Audio version or get better audio quality on Spotify
How To Trigger Your Children
I make it a rule to do something each year that has the potential to be massively embarrassing. My theory is that unless you do, you’re playing it too vanilla.
I joined a band a few years back. My daughter said:
‘Dad, everything you’ve done in your entire life has been mildly embarrassing. This kicks it up to insanely embarrassing.’
She wasn’t 100% serious, and she can just deal with it. Her friend in the back of the car, whose dad was in a classic dad band, said:
‘No child should ever have to see their father on a stage singing This Sex Is On Fire.’
Never a truer word spoken. But you can live your whole life in a prison of other people’s expectations.
The reason most people get nowhere is because they risk nothing. Because they’re afraid of mistakes and what people might think.
Opportunity Amongst The Wreckage
That’s a waste of 2020, a year when you’re allowed to try new things and fuck up in public. Nobody minds.
Everyone’s looking over their shoulder wondering what’s next. Anyone who tells you they know for sure what will be a business success in 2021 is either a liar or too thick to know how much they don’t know.
You can take an educated guess. Then test new things and see if they work. Everything’s up for change. Products, processes, working habits, management structures, media. So many opportunities among the COVID wreckage.
The normal business mentality is so geared to the punishment of mistakes that most employees will keep their interesting ideas to themselves. They sit quietly and follow their orders, rather than risk standing out.
If you run a business, think about your staff and their ideas you’re suffocating with your ‘now is not the time for risk’ mentality.
Something Always Beats Nothing
I went on Lynne Schinella’s podcast the other day and she was apologetic about its lack of technical gloss. It’s a new skill she’s had to pick up this year, and she’s enjoying the learning curve.
She shouldn’t apologise. If the chat is interesting and useful, that’s more important than production values.
Lynne is out there doing something, and something always beats nothing.
Plenty of people have plans and ideas. They’re just waiting until they can do it perfectly, because it’s the ‘professional’ thing to do. Their plan never sees the light of day. You only learn by doing it and making rookie errors.
When the lockdowns started, we built virtual studios and had a crack at doing live chat shows.
The early interviews looked pretty average. We realised we were using a live event mentality for what was essentially television. The viewer felt like a spectator, rather than being up close and involved in a conversation.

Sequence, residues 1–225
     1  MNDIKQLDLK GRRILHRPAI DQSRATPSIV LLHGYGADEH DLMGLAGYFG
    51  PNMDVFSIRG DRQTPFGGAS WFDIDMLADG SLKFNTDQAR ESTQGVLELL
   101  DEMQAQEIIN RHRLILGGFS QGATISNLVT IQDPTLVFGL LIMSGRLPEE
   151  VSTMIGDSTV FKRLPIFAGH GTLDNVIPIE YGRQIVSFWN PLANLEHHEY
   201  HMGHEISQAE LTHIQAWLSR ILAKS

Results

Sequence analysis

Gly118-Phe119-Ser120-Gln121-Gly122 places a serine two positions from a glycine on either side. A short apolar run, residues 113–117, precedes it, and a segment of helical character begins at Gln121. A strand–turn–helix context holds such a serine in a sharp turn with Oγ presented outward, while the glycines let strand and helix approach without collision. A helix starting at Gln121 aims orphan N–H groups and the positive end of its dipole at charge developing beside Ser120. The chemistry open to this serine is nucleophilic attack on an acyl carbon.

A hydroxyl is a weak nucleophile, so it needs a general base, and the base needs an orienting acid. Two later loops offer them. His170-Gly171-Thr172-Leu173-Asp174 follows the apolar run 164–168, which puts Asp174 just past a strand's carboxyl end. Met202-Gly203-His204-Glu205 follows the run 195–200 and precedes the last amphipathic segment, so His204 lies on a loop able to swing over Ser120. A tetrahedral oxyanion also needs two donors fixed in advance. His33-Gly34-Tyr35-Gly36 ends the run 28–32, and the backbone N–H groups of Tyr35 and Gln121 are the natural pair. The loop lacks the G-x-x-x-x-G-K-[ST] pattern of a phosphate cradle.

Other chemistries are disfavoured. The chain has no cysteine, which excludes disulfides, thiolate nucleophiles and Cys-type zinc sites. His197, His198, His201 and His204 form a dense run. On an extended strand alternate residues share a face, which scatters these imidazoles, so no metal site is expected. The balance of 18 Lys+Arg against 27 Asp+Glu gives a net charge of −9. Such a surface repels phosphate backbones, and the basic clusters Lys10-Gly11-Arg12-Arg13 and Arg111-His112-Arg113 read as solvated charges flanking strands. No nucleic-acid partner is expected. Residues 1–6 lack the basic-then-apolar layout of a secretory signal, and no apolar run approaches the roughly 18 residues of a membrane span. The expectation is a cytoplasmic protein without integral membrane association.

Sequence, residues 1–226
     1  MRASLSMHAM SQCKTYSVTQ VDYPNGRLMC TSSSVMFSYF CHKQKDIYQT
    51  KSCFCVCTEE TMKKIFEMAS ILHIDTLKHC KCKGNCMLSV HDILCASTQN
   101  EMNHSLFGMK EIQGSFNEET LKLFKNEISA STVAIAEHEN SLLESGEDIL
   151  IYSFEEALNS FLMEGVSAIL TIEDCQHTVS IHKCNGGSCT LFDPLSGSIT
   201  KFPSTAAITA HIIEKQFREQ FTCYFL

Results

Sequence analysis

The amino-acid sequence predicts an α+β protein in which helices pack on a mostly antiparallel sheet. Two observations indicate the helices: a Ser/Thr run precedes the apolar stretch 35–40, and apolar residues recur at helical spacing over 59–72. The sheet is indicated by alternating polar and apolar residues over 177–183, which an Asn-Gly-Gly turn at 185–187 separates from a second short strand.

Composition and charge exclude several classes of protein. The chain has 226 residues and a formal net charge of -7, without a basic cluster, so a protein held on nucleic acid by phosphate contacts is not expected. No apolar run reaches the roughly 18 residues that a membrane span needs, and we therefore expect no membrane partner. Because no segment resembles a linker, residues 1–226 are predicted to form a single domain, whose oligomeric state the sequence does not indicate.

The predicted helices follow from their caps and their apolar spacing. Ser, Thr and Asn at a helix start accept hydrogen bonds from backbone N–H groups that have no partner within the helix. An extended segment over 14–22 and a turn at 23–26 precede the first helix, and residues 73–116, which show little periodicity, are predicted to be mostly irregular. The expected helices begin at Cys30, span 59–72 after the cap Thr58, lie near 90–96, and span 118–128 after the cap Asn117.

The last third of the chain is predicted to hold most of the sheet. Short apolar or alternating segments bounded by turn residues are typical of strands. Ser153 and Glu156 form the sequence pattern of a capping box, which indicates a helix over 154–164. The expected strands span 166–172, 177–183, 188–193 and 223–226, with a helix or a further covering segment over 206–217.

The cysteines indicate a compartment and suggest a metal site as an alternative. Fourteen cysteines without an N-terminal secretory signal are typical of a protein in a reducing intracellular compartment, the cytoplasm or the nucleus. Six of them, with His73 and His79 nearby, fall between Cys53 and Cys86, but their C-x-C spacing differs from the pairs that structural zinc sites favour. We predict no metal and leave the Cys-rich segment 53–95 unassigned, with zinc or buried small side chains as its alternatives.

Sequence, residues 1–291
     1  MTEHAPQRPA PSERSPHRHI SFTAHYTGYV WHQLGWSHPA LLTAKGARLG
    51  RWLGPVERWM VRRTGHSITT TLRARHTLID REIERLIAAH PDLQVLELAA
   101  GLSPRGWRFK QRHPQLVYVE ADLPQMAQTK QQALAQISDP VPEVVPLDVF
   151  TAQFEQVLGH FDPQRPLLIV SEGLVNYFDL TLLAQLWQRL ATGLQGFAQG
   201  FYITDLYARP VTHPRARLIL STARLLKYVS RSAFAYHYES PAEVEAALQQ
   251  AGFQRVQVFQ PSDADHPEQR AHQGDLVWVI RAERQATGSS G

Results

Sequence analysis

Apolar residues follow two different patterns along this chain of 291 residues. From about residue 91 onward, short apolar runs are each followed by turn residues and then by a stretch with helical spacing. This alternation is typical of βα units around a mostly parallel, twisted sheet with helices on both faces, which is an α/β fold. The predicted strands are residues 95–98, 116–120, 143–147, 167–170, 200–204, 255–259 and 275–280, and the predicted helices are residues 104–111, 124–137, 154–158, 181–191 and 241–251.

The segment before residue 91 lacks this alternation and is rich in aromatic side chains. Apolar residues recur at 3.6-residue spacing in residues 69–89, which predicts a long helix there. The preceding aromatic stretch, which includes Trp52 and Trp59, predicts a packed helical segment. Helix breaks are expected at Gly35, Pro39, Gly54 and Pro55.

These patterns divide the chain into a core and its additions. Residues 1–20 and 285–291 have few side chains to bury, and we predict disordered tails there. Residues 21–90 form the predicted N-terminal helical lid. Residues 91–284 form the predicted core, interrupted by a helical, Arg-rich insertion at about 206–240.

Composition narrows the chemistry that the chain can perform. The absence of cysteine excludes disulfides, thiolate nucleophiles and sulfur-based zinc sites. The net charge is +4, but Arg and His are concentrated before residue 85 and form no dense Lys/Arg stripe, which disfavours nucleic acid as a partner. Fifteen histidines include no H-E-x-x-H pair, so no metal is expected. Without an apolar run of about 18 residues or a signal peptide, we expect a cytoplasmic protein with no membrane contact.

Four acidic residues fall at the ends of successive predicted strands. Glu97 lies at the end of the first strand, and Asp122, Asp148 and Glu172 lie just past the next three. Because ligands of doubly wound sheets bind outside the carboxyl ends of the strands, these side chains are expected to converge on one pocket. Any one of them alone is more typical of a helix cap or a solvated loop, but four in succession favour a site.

Each week we experimented with moving the cameras, changing the couch positions and backgrounds, and suddenly it all felt a lot more intimate. Six months on our whole team has much better TV skills, and it wouldn’t have happened without our early clumsy efforts.
People Will Forgive Your Mistakes
People are very forgiving about the mistakes you make when you’re having a go. Nothing ever appeared fully-formed as a success. Google started life with the terrible handsy name BackRub, and they’re quite successful now.
Now is your chance to try something different while everyone’s making the rules up.
Earlier in the year I wrote of lawyer James d’Apice, who is well-known in the legal community for his Coffee And A Case Note videos, in which a suited, cufflinked James analyses legal cases while drinking a piccolo or drip filter in different CBD cafés.
At the height of lockdown, he put out a new video titled My Insecurity. Standing in a Deliverance-looking setting, in shorts and t-shirt, admitting that he lived on the central coast and commuted to the city.
‘I’ve been insecure for a long time, because what if my big city clients, or big-city opponents, found out that I lived a long way away, in an almost regional sort of a spot, wouldn’t it water down my “big city litigator” mystique? And the answer to that is … who cares?’
I called James up recently to see how it was going. He was at a strategy conference for an innovative firm who just hired him. The insecurity confession wasn’t an obstacle to that, quite the reverse. They hired James because he was real, and they liked his refreshing, open approach to what can be a stuffy profession.
2020 is going just fine for him, because he took some risks.
You have diplomatic immunity right now. What are you doing?
Death Before Golf
Anyway here’s the chat with Lynne. It’s mostly business, though we do talk writing and recording music, because too many side-projects are barely enough. Hence the title Lynne chose: Play Fewer, Better Notes.
‘Why the music? When you’re my age, and you’re a white man, there is a temptation to turn to golf. Just kill me if that ever happens.’
Last week was a biggie for your favourite anti-science, Nazi-meme-loving TV celebrity chef Pete Evans. Just running this one back up the flagpole if you missed it back in July. It got some flak from the Pete fans ?.
If you’re new here, I write a story like this every Tuesday. Drop your email here to get it in your inbox, entirely free of charge.
Bonus: you get a free e-book on 20 Ways To Improve Your Business Right Now. Practical tips we used to build a $20M national business in about 10 years.